medical marijuana Sixty young patients in New York have already been authorized to be treated with a marijuana-based medical treatment for children suffering from seizures.
Credit: Wikimedia Commons

New York State will work with a pharmaceutical company to explore a new marijuana-based medical treatment for children.

Gov. Andrew Cuomo announced that the state will collaborate with GW Pharmaceuticals to develop and launch clinical trials of cannabidiol — an extract from marijuana plants thought to help children suffering from medication-resistant epilepsy.


Sixty young patients have already been authorized to be treated with the drug at NYU's Langone Medical Center.

However, some critics are concerned that Cuomo's commitment to the trials may water down recent efforts for broader medical marijuana reform by state lawmakers.

"More research on medical marijuana is always welcome," wrote Dr. Howard Grossman. "But the governor’s research program simply will not help the thousands of New Yorkers living with serious illnesses and debilitating conditions who need medical marijuana to relieve their suffering."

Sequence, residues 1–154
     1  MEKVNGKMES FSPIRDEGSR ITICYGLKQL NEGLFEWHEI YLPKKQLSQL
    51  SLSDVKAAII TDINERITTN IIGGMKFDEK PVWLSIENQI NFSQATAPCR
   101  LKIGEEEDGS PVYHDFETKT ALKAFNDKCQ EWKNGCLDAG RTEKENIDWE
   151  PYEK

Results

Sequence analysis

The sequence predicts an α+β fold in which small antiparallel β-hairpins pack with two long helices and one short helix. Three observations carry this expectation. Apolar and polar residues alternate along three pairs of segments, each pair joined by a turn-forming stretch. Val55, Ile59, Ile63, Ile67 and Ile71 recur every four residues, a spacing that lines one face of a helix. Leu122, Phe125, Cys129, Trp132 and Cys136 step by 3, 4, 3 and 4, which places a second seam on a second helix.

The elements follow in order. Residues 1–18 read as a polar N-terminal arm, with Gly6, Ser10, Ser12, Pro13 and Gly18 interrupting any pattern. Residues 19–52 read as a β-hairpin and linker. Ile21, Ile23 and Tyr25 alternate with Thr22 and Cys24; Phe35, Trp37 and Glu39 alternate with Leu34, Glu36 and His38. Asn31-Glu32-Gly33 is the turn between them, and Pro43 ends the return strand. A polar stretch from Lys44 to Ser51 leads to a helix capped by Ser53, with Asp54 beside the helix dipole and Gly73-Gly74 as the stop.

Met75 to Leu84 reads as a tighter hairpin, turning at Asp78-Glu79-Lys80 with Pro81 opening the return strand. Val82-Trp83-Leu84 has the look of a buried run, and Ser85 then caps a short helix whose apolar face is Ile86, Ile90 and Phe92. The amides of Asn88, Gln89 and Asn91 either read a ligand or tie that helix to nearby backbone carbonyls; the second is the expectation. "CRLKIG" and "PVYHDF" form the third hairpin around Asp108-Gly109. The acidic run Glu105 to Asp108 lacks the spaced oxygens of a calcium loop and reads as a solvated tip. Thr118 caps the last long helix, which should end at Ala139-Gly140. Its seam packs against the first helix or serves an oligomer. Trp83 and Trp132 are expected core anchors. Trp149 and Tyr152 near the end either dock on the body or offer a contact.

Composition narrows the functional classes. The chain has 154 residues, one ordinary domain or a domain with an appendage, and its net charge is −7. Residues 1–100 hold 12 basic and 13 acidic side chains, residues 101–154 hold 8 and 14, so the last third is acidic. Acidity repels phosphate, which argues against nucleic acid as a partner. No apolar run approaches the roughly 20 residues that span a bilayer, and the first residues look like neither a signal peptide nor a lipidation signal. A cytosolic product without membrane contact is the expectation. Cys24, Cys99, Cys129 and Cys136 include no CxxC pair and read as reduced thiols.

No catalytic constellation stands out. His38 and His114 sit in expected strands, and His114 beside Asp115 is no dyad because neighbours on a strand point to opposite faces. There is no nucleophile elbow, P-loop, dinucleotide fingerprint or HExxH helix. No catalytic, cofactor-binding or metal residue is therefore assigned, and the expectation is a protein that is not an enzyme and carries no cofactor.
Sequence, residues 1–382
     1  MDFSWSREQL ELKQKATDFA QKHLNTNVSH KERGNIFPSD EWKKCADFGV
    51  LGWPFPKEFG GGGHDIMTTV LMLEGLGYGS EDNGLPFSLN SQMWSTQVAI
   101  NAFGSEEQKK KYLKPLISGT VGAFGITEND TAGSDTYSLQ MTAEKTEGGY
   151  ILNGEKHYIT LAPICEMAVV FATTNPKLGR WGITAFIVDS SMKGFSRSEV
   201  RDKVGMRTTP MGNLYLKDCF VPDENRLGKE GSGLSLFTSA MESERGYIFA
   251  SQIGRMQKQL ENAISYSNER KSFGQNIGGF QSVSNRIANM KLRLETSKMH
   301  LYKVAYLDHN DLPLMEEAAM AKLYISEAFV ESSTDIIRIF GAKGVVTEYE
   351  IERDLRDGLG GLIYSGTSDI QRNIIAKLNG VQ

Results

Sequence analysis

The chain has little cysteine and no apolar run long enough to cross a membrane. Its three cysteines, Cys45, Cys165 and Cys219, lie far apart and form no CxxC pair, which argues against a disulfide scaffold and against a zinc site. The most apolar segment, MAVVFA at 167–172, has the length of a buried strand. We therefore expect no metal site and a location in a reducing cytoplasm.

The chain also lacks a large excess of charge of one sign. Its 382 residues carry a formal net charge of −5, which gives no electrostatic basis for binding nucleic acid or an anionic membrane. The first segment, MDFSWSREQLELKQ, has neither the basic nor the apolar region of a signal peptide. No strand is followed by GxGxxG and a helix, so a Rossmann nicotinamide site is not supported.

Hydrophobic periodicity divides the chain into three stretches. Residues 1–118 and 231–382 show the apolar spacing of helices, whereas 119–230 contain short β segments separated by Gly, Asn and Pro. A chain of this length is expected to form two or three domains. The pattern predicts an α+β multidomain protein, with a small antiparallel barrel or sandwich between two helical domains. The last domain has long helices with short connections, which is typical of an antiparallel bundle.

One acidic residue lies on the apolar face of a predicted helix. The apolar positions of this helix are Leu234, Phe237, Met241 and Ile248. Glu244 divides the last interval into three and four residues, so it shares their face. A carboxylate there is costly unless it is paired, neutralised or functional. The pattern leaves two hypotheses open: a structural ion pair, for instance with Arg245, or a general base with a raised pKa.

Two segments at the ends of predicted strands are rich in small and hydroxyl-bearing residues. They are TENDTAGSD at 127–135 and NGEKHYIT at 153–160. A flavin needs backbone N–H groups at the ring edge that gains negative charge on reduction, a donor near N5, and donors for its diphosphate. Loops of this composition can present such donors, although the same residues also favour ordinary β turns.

A co-chair of the group New York Physicians for Compassionate Care, Grossman operates a private practice in New York City. Grossman pointed to a similar research program in Maryland that he called "an abysmal failure.

"New York should not go down that failed path," he added. "It should pass the Compassionate Care Act."

The act, which passed the state Assembly last week, is currently under consideration by the Senate.

Cuomo framed the decision as a means to help children forced to live with a so-far untreatable ailment.

"Young New Yorkers battling these diseases deserve treatments that work for them," the governor said in a statement, "and by investigating the merits of cannabidiol we are pushing the boundaries of modern medicine and working to fundamentally improve the quality of life for those children."

Since taking office, Cuomo has mostly avoided a debate about medical marijuana. In March, he announced his administration would allow 20 hospitals to prescribe legalized pot for patients approved by the state Health Department.

Follow Chester Jesus Soria on Twitter@chestersoria

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